Again, a lack of food! What’s going on? Let’s call it a short hiatus of the status quo, and show off our knowledge of Latin loanwords.
So, we have a small(ish) dog – a wirehaired Dachshund named Frankie – and he’s great for a number of reasons. Many of those reasons happen to be related to his conveniently compact size. It occurred to me that I should take note and share those reasons with the world.
Well, the world as defined by WordPress.
I want to start with a little background. I’ve always been a committed ‘dog person’. Though I don’t have the virulent hatred of cats that many dog lovers seem to espouse (I quite like many cats), it always comes back to dogs. They’re friendly, they’re funny, and without them there would be no humans as we know them. As a result, I also think that anyone who doesn’t like dogs is a bit of an ungrateful shit.
Thing is, like a lot of other people – even other ‘dog people’ – I was biased against small dogs. You know, those yappy rats on leashes, not ‘real’ dogs. For me, bigger was better; more dog equals more to love.
That was, until we were at the shelter. I wanted a dog, period. We looked at all kinds, and all of them were wonderful in their own ways, but none were suitable. I found myself thinking the big dogs were too big – me! The biggest big dog lover there is. We’d been through every room, save one. At the end of the row of cages was a little furry back and the intermittent sound of squeaking. We approached, got a greeting sniff, then were ignored completely.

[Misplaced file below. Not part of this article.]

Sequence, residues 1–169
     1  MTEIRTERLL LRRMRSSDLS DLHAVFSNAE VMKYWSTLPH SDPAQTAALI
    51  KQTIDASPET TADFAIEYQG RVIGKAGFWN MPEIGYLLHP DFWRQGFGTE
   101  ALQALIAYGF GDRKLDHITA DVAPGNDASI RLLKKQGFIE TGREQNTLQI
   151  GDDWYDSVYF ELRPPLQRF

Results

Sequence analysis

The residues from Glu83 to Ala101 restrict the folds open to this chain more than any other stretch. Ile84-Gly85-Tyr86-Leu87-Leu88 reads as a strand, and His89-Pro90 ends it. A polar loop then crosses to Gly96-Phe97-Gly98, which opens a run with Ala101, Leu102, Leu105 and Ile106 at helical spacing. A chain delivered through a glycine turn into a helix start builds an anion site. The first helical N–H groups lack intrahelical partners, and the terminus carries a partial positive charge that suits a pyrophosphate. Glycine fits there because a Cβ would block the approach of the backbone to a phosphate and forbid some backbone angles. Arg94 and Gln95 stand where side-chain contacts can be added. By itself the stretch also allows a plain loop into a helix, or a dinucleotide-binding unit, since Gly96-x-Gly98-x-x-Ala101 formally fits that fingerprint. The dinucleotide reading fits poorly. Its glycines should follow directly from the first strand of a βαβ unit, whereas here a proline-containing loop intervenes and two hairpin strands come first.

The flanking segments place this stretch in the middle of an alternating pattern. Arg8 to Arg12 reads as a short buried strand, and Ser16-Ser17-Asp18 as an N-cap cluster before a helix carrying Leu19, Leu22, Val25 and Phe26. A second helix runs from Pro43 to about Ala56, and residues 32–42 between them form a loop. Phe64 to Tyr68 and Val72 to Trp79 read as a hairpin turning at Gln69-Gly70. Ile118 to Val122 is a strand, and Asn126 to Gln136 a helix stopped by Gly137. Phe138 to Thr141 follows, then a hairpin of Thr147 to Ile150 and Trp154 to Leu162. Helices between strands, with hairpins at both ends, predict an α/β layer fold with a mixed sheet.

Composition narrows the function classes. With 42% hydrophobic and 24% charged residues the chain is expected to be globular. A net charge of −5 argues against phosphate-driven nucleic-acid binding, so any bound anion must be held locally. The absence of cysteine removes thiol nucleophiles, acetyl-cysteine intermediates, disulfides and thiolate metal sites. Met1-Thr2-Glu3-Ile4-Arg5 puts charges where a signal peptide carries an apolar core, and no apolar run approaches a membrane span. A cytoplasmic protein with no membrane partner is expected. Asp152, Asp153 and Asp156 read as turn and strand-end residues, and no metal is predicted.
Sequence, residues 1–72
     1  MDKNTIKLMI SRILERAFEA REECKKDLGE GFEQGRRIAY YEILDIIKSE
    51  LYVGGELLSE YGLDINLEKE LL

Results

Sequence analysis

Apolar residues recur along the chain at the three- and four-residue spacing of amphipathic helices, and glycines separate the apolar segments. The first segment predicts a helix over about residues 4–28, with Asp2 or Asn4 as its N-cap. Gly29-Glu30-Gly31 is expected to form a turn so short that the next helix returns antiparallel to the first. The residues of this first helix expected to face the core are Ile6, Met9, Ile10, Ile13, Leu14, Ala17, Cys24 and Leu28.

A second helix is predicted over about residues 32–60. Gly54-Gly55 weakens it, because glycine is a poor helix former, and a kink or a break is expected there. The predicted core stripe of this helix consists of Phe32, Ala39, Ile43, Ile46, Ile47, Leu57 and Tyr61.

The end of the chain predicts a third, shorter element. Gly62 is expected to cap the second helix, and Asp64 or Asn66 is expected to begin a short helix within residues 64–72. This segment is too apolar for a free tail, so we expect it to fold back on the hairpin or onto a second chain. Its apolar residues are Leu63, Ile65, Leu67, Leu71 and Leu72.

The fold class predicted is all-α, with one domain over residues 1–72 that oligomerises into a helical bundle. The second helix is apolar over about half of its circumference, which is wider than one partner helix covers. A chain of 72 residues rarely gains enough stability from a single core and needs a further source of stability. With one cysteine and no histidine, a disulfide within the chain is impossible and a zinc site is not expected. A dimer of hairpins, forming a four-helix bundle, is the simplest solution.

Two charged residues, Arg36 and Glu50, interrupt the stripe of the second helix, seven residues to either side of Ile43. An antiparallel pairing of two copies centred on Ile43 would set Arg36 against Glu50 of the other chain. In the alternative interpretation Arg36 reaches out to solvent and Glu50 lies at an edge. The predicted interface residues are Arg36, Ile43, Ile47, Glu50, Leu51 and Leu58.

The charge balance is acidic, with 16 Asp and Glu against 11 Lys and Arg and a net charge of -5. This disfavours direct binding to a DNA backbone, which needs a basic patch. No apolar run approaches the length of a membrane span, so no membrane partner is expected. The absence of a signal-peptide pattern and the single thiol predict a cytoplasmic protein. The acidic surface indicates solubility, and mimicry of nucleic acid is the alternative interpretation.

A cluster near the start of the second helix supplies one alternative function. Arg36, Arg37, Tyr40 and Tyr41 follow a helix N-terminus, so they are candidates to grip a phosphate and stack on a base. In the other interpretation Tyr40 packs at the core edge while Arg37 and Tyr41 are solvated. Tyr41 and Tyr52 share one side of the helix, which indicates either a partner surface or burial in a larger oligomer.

It was love at first sight.
At first, it still seemed weird to be the owners of a small dog, but the benefits have been many. The first is his age. We got him at 8 1/2 years, which is about middle-aged for a dog his size. This means we get some good years with him still that we wouldn’t have gotten had he been the same age, only bigger.
Also, his compactness helps with things like travel. He loves the bus and going for car rides, but he’s also small enough that we can take him with us in the passenger section of the plane.
He’s big enough that he can get around easily. On a walk, he’ll trot to keep up, but he doesn’t need to run. However, if he does get too tired, he’s not too big to pick up and carry, at least for short distances.
And he’s not intimidating. Even the friendliest larger dog can put off someone who has an aversion. Like the lady in our building who told us that even though she’s afraid of dogs, she’s not afraid of Frankie. He’s small, and slow, and calm. That’s not to say that no one reacts badly; there are a lot of people in our neighbourhood, and throughout the city, who come from places where dogs are to be feared.
He costs less to feed and to groom, and some of his vet bills are reduced. If we need to clothe him, smaller sizes also tend to cost less. He doesn’t take up much room in our house, on the sofa or the bed, and he’s a good size for extended lap cuddles.
So that’s it! Small dogs aren’t for everybody, but I don’t think they should be written off wholesale. Much of the negative behaviour in them comes from people not treating them as dogs, but as toys. Any dog will do poorly if not properly socialized and trained, and in that respect, small dogs often get the short end of the stick. So to speak.